Her paintings always have included some element of drawing, Mannheimer said, but through the years they have evolved to blend drawing and painting, an amalgam of lines, shapes, and colors that invite individual interpretation.

The titles she gives her paintings are likewise enigmatic, often suggesting dual meanings: Inventory; Cargo; Diamond Land Mine; Double Cross; Reflection; Keyhole.

Mannheimer and her husband, Robin Irving, moved to Eugene in 1997, “and we were rather surprised that we ended up here,” she said.

“My husband had worked for Art Media in Portland, and when he left there a job came up in Eugene to manage Oregon Art Supply,” she recalled. “We moved here — temporarily — and then the owner of the store wanted to sell the business.”

Oregon Art Supply used to be located on East 13th Avenue, but not long after Mannheimer and Irving relocated to Eugene, “the store needed to change location, and part of Robin’s job was to find a place,” Mannheimer said. “He chose the location we have now at 10th and Pearl because the building was decorated with Betsy Wolfston’s ceramic tiles.”

The couple bought the business in 1999, “and this has been a really good location for us — Pearl Street is on such a main thoroughfare, and it’s easy for people to find us and to park.”

As with most small businesses, the coronavirus pandemic has taken a toll on Oregon Art Supply, Mannheimer said.

“It’s been a little harder — Robin has spent less time here because he’s older than I am and that is a concern, so I’ve been spending more time at the store,” she said. “But our customers are very happy that we are here and that we are taking precautions, with masks and limiting the number of people inside at one time and having curbside pickup. And I’m so grateful for staff coming in and dealing with the situation — there’s obviously a certain amount of stress in the situation.”

Not surprisingly, people who work at Oregon Art Supply tend to have art backgrounds themselves.

“People who apply to work here have to bring in their portfolios,” Mannheimer said. “You can get a lot of information about people by looking at their portfolios.”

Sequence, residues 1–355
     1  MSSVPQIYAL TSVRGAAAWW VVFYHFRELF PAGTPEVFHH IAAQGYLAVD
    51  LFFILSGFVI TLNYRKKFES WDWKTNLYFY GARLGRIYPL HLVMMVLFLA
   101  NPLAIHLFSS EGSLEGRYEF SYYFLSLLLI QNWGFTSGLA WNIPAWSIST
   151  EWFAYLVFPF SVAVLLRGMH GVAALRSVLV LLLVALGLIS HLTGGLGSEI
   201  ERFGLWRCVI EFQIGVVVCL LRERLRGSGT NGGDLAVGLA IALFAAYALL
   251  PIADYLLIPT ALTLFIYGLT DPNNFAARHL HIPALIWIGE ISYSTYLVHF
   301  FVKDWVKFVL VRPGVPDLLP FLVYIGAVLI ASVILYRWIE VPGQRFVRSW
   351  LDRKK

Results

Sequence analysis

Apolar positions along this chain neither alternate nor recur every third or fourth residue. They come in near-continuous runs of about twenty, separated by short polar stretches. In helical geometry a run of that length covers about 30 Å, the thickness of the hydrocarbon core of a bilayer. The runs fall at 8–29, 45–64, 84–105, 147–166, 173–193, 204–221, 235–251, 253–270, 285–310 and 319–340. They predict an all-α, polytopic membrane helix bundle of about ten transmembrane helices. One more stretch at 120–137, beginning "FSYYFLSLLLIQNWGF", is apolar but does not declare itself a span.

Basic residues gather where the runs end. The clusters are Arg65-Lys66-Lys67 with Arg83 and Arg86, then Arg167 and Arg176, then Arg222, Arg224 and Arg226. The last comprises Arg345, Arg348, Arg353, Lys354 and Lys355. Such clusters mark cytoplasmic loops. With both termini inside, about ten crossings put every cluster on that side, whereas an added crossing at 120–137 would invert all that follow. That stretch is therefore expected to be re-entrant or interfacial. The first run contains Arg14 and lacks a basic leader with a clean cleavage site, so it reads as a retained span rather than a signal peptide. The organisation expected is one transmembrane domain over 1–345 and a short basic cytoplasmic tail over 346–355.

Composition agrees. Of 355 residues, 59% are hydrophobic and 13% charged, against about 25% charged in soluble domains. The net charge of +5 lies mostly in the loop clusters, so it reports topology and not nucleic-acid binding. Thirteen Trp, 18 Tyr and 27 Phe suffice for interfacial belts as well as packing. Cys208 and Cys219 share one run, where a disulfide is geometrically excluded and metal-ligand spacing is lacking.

Oregon Art Supply sponsors a staff art show every year or two, she said, when sufficient numbers of artists are ready to display their work. The store also shows small displays of other artists’ work as well as hosting art classes.

Mannheimer occasionally shows her own work in local galleries, including The Karin Clarke Gallery and the Maude Kerns Art Center, as well as participating in local holiday sales.

“Marketing is something I’m constantly trying to figure out,” she said, “but it takes so much time to do that, it interrupts being able to create the work.”

She also is part of a group of several women artists — it includes Ann Bumb Hamilton, Sarah Sedwick, Beth Robinson, Zoe Cohen, and Jenny Gray — who collaborate to put on a themed show each year.

“Last year, we did the Red Show, and this year the theme came from looking at paintings and paying attention to every inch of them,” Mannheimer said. “We decided to take a 24×24-inch square and divide it into 8×8-inch sections, so there are nine separate squares in which each square has to be able to stand individually as a complete work but together they also have to be able to ‘read’ as an overall piece.”

The members of the group come together to come up with the idea, “and then we go and do our own pieces, and we don’t see anyone else’s work until we get together to hang the show,” she said. “We all know each other’s work, and we all are part of the larger Eugene art community, but this is a special way to come together and inspire art that we probably wouldn’t do otherwise.”


(Above: Some of the small square paintings  that make up a larger work, part of a Rebecca Mannheimer project titled Searchlight; photos courtesy of the artist)